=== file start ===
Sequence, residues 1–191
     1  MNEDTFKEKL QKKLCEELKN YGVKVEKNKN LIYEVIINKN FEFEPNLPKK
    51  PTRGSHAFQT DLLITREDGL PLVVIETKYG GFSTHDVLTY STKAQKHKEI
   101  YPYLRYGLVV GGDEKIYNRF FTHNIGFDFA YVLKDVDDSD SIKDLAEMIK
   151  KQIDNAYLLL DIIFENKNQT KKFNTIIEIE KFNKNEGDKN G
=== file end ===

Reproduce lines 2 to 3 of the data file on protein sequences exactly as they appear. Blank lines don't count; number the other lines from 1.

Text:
     1  MNEDTFKEKL QKKLCEELKN YGVKVEKNKN LIYEVIINKN FEFEPNLPKK
    51  PTRGSHAFQT DLLITREDGL PLVVIETKYG GFSTHDVLTY STKAQKHKEI